Victor Manuel Lozano spends his days like most two-year-olds. He goes to nursery school, draws, rides a tricycle. The difference is he does it in prison, living with his mum, a convicted murderer, and his dad, a drug trafficker.
Welcome to a prison Spanish officials say is the only the one in the world with cells for families. The spacious units dubbed "five-star cells" come replete with cribs and Disney characters on the walls. Outside there's even a prison playground for the kids.
The idea is for children to bond with their imprisoned parents while young enough not to fully grasp the reality of incarceration, and for inmates seeking rehabilitation to learn parenting skills.
No one thinks it is an ideal situation -- not the prison psychologist, nor the imprisoned parents themselves. But the arrangement beats the pain of separation.
"They take good care of us, and having my child and husband with me makes me very happy," said Carmen Garcia, 28, Victor Manuel's mother.
"But this is not the best place to bring up a child. In some ways they are imprisoned too," she said.
Garcia was sentenced to a minimum 10 years in prison for murdering her boyfriend. She met her husband Victor Lozano in prison. They got married behind bars and she gave birth to Victor Manuel.
For the toddler, prison is the only world he knows.
At dawn a guard wakes the family up for roll call. At night, after a day playing with other inmates' children in a yard, Victor Manuel is locked up again. Sometimes he stands outside the cell crying because he does not want to go back behind the bars.
"For him it's the saddest part of the day," Garcia said.
The prison in this town 40km south of Madrid has 36 cell units for families, although now only 16 are occupied, most with Latin Americans. The children can only stay until age three. After that they are taken away and put with relatives or with social services, and their parents go back to regular cells.
"It's tough to be in jail, but in this section you completely forget you are in a prison," said Ramona Montoya, 33, a lively Gypsy woman who is serving an 11-year sentence for drug trafficking.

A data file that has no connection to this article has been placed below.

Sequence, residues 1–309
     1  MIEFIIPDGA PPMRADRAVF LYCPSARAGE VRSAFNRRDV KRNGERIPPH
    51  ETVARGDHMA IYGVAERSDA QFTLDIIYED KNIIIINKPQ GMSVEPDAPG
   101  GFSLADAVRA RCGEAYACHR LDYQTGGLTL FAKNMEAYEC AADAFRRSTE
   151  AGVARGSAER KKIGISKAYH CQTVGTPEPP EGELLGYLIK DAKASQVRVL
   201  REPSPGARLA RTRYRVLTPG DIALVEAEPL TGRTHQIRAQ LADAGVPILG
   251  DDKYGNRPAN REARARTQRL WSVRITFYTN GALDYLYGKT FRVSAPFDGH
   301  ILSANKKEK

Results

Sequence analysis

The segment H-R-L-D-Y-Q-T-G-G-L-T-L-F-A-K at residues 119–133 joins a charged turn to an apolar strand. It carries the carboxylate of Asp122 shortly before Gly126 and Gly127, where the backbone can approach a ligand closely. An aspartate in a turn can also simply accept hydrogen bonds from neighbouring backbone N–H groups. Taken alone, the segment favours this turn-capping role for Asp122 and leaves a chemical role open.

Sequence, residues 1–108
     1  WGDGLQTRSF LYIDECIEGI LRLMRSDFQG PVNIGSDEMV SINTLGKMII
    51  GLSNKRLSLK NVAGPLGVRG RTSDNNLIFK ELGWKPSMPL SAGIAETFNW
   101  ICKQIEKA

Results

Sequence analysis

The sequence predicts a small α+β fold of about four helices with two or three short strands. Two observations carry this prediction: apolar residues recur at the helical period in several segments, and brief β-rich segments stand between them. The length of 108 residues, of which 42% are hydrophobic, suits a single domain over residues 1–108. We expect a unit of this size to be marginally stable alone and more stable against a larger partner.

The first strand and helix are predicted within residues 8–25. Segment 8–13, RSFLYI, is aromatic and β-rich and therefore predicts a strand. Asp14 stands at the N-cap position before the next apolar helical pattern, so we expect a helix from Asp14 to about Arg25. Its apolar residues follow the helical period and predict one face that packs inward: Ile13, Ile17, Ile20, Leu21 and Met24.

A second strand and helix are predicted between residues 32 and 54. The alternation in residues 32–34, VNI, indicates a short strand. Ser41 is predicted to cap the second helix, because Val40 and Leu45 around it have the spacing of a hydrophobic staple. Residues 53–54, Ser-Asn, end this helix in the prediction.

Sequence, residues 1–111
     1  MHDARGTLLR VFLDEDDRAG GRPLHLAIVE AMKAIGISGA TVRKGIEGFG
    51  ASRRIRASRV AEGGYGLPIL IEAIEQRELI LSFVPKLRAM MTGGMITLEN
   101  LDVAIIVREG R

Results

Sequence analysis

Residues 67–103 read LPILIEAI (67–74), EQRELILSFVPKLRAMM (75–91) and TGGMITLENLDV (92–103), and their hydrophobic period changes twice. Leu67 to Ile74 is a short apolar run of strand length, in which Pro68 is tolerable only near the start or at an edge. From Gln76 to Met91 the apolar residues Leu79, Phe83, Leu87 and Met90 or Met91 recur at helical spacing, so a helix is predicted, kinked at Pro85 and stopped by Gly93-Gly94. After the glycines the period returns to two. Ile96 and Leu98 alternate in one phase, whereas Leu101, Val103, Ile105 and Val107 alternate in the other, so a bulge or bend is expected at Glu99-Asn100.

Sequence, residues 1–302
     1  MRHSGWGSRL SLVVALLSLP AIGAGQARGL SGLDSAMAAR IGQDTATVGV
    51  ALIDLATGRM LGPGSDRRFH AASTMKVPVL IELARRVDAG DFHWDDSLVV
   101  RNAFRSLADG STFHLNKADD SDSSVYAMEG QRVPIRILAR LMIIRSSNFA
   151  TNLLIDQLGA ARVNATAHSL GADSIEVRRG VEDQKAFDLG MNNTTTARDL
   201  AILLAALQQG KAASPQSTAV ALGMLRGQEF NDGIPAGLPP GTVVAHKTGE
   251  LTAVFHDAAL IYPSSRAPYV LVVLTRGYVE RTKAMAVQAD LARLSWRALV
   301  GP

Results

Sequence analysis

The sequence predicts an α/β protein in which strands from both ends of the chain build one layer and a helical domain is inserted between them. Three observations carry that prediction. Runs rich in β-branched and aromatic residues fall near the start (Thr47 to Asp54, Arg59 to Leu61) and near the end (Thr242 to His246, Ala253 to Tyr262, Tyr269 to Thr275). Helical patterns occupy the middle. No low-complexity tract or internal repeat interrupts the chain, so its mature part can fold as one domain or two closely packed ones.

Montoya and her husband Manuel, who was also convicted of drug trafficking, asked a judge to be able to serve their time in Aranjuez. They had read about the family cells on the Internet and wanted to raise their fourth child together.
Montoya takes her one-year-old daughter Marina to nursery school every morning while her husband works at the prison's supermarket. She attends sewing classes. At 9pm, the family is locked up for the day.
"This is heaven compared to other cells where I have been," Montoya said while showing off the place she calls home, Cell 113.
It is a room of 14m2, its walls crowded with pictures of Mickey Mouse, Donald Duck and family photos. There is a double bed, a crib full of toys, a small bathroom and windows facing outside prison.
"It's all child-oriented. It's clean, they give you the best milk for the child, the doctor comes twice a week and the rooms are beautiful," Montoya said.
"The only thing that reminds me I'm in jail is the roll call three times a day," she said.
That comfort, says prison psychologist Maria Yela, creates room for cheating. Many women with a child about to turn three try to get pregnant to be able to stay in the family cells, she said.
International experts on penal policy said they had heard of no other prison in the world with family cells. There are, however, many prisons around the world with nurseries and cells where children can stay with their mothers.
In Denmark there is a mixed sex jail where couples -- with and without children -- spend the day together in a special wing but then are locked up at night in separate cells, with the child spending the night with the mother.
"In the US, the idea of family cells would be very challenging because all of them are segregated," said Denise Johnson of the Center for Children of Incarcerated Parents in Los Angeles.
Not all inmates are eligible for the family cells, which were built in 1998. Pedophiles and other convicted sex offenders are ruled out. All candidates have to pass a two-month observation period to prove they are prepared to live together as couples and raise a child.
Some experts believe it is not appropriate for infants to spend their first years behind bars, in any circumstances.
"It is not an advance, prisons are the wrong place for children," said Frances Crook, director of the London-based Howards League for Penal Reform.
"There is a lot of evidence that show that they will be affected in the long term. They don't see animals, they don't see trees, they don't have the stimulation that is needed to grow as a healthy child," she said.
Spanish authorities say the family cells have been a success but acknowledge emotional problems may arise when the child is separated from parents. There are currently no plans for more prisons of the Aranjuez-type.
Yela, too, had her doubts about whether life in prison is healthy for kids, but she said the most important thing was for the family to be together.
"The bond has to be established between the child and their parents," she said.
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